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Teachers begin job action
Teachers across the province began job action, targeting administrative duties on Wednesday – action that will have little effect on students, and if the president of the Greater Victoria Teachers’ Association is right, it will end soon.
“I don’t see us staying in this Stage 1 very long,” said Benula Larsen. “Either we’re going to get something or we’re going to increase. For parents, for public, for the teachers, we don’t want to start September again without knowing what’s happening. Or just sitting at the table and hoping. We can’t keep hoping. We have to do something.”
The move comes in response to a March 6 B.C. Teachers’ Federation vote, in which 89 per cent of members waiting on long-stalled contract negotiations supported potential job action, the first since a three-day walk out in March 2012.
Stage 1 is strictly administrative. Teachers will continue to teach, write report cards, communicate with parents and participate in voluntary extracurricular activities.
They won’t undertake any mandated supervision of students outside of regularly scheduled classes except as set out by an essential services order (in the Greater Victoria School District, such supervision falls outside teacher responsibility, so students will feel no effect); they will abstain from attending any meetings with management other than those with worksite joint health and safety committees; they will no longer provide or receive principals or administrators with any routine printed, written or electronic communication; nor will they arrive at a worksite prior to one hour before class or stay more than one hour late.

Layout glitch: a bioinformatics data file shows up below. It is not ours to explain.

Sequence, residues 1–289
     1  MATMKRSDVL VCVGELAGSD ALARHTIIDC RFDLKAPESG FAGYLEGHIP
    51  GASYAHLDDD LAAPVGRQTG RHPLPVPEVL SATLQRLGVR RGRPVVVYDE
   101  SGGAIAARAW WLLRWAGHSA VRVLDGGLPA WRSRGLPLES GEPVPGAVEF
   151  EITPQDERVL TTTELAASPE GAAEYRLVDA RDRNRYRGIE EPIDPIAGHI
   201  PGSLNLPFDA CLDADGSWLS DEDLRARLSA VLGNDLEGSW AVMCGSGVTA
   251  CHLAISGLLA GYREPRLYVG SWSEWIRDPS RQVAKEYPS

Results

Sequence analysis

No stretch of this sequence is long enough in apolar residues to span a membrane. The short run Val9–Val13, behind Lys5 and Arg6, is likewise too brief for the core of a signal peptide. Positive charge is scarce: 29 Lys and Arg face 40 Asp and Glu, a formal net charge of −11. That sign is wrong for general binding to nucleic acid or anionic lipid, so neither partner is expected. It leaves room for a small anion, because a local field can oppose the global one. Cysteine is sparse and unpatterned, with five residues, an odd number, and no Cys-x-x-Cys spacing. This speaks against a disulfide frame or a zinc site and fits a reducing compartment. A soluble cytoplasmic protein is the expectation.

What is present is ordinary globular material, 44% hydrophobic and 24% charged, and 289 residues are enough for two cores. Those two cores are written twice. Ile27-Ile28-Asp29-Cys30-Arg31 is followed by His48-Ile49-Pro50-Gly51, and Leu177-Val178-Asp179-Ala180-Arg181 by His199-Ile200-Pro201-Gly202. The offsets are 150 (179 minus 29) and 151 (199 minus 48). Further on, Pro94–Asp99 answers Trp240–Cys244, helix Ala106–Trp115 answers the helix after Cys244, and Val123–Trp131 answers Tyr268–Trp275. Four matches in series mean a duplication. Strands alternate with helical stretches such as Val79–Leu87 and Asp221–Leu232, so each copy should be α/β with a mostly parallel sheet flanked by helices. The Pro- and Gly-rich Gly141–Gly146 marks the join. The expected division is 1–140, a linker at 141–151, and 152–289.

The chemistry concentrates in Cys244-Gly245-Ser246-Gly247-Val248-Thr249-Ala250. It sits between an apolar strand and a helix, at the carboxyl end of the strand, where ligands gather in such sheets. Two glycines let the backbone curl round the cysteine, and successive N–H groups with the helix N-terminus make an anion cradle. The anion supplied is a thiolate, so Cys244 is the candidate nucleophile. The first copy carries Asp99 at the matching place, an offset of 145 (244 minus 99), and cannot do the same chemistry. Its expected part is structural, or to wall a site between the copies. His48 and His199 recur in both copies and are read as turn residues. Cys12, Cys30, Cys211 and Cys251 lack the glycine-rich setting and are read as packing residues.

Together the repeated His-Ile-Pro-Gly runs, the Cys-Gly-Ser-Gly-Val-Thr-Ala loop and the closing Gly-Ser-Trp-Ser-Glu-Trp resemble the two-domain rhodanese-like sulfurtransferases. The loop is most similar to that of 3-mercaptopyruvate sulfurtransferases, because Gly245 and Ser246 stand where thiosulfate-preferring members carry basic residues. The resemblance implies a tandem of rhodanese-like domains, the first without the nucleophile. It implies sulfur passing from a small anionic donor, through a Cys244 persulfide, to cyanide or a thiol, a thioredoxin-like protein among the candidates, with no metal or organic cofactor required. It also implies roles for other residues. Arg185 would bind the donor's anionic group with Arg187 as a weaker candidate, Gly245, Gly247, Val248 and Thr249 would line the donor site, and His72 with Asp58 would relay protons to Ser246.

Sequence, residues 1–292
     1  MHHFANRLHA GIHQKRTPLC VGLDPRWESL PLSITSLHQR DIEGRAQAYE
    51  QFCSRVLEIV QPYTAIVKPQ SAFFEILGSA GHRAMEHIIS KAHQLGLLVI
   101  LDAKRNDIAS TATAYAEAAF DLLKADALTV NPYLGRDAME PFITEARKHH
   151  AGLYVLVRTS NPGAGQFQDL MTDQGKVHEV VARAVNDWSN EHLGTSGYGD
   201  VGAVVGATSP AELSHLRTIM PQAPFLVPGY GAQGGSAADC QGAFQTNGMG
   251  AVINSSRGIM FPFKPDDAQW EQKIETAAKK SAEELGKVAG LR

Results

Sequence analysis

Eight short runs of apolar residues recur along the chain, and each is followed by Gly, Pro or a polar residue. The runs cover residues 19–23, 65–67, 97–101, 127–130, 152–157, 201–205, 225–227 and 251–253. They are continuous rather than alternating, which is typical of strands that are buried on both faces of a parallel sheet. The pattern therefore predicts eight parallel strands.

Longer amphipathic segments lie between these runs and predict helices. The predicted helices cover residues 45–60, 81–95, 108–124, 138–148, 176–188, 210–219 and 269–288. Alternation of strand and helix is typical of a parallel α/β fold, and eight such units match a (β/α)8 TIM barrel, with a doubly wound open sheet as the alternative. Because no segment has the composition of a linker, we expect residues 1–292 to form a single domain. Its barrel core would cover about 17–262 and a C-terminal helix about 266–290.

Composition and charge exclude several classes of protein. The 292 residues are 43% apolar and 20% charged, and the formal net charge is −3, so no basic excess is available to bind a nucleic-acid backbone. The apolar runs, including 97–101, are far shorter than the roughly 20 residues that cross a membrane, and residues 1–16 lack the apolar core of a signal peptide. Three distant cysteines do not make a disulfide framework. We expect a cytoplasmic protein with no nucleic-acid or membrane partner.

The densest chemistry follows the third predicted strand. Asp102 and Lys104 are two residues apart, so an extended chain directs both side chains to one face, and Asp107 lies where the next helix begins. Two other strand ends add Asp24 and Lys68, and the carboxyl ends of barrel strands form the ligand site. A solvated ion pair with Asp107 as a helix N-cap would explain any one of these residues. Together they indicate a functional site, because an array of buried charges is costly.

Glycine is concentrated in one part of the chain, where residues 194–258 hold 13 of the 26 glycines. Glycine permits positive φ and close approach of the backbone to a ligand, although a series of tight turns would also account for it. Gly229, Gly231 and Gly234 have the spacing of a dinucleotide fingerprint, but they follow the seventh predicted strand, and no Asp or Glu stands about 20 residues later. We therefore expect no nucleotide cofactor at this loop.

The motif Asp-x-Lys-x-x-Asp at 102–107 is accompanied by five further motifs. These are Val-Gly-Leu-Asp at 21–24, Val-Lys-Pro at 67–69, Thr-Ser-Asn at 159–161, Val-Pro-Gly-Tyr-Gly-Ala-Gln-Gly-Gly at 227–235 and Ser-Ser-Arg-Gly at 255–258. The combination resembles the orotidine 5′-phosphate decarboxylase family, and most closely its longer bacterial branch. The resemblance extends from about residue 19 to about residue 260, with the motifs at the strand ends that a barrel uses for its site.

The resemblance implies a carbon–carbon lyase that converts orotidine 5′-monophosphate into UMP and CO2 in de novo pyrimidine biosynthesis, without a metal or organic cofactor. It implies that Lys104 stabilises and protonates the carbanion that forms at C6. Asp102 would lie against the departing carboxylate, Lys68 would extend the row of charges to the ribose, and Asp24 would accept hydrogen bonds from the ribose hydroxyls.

“It can’t continue like this,” Larsen added. “We’re not going to go another school year like this. It’s either this or we’re going to walk out and I’m hearing from teachers that this time, there’s no three days, or one day – no, no, no, no – we’re going to walk out until we get what we want. That’s what teachers are saying.”